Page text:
The pandemic is a useful moment to experience and reflect on the experiences of students who have special or diverse needs. Many of us who don’t have such needs have, perhaps for the first time, been able to experience the difficulties of, for instance, being stuck at home, or not being able to hear or communicate properly due to wearing face masks, or the frustrations of not being able to do what we like when we like. These experiences may give us some idea what daily life can be like for those struggling with physical or cognitive issues.
Many of us are used to modifications we often see these days to help those with physical needs, such as reduced mobility. We wouldn’t dream of designing a school without suitable access routes, or accept fire evacuation procedures without the provision of portable chairs. But what attention do we give to those whose brains are wired in ways differently to our own? How often do we put ourselves in their shoes or, more correctly, ask them what could be made better?
What is true of buildings is true of education. One size doesn’t fit all when it comes to teaching, learning and assessment. Being inclusive in education is no longer just about ‘allowing’ students into the classroom, but also about empowering them to participate and progress once there. It is less about focusing on an individual’s barriers and more about dismantling the barriers that society has created that impede them from realising their potential.
To be more inclusive, we need to be proactive. This means looking ahead at what might interfere with any student reaching their potential. It could be a simple as installing better lighting or acoustics; it could be giving students multiple ways of approaching a task and supporting them in their choice; and it could mean alternative forms of assessment. It is about looking at teaching and learning strategies for the whole cohort, actively drawing on students’ strengths, and offsetting any challenges they may face. It is about developing yourself as a teacher so you are more cognisant of and sympathetic to the needs of all your students, and are clear not only about why you want students to do something but how all of them they will be able to succeed.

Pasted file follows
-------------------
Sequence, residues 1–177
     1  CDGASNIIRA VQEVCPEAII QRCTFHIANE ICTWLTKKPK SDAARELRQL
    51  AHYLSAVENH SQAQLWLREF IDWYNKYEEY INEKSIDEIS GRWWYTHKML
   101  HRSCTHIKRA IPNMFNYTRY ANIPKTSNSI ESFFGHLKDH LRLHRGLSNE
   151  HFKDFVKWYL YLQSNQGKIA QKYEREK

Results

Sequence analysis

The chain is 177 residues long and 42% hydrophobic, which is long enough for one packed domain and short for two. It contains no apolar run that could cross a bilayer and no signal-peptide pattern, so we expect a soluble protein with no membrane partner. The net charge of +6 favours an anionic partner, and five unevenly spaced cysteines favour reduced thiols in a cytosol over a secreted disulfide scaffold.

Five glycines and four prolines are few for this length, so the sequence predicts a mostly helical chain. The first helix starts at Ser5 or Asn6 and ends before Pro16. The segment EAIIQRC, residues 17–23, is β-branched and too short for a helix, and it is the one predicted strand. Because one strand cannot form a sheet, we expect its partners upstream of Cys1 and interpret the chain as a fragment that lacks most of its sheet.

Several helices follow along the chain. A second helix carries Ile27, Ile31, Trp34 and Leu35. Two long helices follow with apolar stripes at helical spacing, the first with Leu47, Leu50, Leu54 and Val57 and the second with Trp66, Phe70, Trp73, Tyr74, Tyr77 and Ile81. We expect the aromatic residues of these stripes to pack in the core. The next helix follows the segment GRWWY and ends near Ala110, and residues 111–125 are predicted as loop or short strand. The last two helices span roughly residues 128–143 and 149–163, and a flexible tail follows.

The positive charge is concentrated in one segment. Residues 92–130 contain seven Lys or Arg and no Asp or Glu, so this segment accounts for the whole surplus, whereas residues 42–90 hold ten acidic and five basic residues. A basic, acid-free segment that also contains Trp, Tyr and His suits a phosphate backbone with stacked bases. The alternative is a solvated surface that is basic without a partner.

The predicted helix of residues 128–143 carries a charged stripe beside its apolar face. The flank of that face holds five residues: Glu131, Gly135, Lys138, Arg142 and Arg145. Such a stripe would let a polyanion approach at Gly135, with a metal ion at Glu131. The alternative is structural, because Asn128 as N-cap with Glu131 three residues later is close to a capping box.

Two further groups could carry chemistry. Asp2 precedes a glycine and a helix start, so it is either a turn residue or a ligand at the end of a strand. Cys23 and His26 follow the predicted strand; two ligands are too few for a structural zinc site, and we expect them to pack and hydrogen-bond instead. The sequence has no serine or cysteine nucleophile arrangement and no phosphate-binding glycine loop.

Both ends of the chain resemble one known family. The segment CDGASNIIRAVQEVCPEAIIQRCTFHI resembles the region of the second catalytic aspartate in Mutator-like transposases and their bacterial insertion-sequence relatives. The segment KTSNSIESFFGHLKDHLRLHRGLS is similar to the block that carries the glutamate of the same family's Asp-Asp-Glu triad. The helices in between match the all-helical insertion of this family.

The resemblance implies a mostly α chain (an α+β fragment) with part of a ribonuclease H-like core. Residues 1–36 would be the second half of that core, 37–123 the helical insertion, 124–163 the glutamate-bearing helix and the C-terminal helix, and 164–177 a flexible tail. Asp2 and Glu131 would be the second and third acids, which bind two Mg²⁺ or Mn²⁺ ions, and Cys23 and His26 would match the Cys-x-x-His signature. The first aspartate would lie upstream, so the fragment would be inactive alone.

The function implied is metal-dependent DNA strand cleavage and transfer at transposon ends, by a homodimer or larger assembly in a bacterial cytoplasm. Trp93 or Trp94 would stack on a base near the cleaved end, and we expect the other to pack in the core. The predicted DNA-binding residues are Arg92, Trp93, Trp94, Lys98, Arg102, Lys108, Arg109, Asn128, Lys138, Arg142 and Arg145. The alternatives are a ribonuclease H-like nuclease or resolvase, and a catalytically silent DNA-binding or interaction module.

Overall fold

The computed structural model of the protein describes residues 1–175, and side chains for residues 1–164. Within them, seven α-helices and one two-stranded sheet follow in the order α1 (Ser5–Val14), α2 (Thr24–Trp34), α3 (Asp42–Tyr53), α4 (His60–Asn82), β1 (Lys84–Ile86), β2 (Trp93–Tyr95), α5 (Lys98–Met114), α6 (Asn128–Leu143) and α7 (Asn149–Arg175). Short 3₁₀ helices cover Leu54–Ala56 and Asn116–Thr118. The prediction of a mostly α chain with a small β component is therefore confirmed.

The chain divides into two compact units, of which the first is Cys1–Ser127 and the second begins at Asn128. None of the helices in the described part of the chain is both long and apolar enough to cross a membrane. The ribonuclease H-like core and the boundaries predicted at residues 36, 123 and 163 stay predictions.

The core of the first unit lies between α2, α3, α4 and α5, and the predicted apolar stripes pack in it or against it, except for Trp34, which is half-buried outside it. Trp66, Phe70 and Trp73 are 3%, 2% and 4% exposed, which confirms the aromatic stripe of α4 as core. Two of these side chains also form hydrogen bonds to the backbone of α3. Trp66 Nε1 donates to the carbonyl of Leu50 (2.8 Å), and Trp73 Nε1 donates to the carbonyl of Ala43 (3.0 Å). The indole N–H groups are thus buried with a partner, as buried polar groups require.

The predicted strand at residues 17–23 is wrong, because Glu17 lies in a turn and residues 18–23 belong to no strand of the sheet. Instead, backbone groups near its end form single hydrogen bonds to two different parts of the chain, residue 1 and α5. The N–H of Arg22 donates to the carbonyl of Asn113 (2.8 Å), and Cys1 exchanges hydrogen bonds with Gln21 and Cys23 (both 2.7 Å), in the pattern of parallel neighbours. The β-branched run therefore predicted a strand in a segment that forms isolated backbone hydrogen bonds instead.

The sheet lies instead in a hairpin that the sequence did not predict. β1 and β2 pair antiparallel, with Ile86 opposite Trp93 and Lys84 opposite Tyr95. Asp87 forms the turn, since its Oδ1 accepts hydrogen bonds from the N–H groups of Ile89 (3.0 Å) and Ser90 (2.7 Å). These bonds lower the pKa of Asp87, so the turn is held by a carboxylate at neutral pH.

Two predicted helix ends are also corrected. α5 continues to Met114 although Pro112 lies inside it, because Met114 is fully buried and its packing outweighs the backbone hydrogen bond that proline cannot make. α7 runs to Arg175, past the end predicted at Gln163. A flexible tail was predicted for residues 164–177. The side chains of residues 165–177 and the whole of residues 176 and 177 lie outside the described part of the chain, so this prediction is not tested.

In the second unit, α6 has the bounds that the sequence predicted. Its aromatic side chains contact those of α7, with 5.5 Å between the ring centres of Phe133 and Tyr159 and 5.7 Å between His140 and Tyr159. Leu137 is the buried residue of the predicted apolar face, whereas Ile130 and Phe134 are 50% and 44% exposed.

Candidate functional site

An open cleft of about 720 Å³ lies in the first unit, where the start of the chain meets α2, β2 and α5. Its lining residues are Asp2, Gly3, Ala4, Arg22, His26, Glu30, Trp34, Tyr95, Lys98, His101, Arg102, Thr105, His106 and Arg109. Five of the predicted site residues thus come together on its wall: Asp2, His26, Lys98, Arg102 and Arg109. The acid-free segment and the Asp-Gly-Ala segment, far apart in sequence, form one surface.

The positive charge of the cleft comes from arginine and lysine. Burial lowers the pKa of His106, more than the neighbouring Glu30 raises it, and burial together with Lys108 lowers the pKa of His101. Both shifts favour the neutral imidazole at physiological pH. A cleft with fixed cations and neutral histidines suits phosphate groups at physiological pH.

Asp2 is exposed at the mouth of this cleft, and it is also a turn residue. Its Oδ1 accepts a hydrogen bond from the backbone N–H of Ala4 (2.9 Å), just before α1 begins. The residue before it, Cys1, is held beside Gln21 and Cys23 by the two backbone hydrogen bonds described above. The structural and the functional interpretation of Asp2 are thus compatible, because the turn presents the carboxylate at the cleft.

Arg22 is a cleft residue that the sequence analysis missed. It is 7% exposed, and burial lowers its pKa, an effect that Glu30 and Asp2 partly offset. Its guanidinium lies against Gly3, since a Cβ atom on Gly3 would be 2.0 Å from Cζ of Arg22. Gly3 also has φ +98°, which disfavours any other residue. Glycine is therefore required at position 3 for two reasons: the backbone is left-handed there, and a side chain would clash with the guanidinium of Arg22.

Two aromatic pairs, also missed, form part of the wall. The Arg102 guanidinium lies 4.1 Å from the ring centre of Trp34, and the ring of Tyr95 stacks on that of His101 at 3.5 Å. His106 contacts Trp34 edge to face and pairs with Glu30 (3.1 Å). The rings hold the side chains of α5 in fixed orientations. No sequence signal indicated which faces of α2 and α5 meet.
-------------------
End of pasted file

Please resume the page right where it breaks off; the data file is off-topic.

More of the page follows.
At Cambridge Assessment International Education, we have been looking at the theory of inclusive education and how to put that theory into practice. We have summarised these in the latest of our series of Education Briefs, which you can find alongside many other free resources on our website in the section dedicated to ‘Teaching Cambridge at your school’. You will also see in the Education Brief some suggestions for best practices in your school and in your teaching. You will discover that being inclusive isn’t burdensome – on the contrary, if you design teaching, learning and assessments that are suitable for as many students as possible, you will have to make fewer exceptions or provisions for special arrangements. Moreover, in these exceptional times we are living in, what is true for inclusive approaches in face-to-face situations, also works for blended or online learning.
Even though the pandemic has allowed us to experience what it feels like to be left out, we should also remember that lockdowns and restrictions have enabled some people who don’t always fit in, to thrive. As Amanda Kirby said in her recent blog post and webinar on the issue, some students who are likely to be distracted in classrooms have excelled online; others have found it easier to listen and focus or discovered their voice. Inclusive education is about taking a positive stance and showing that each and every one of us deserves our place in the world.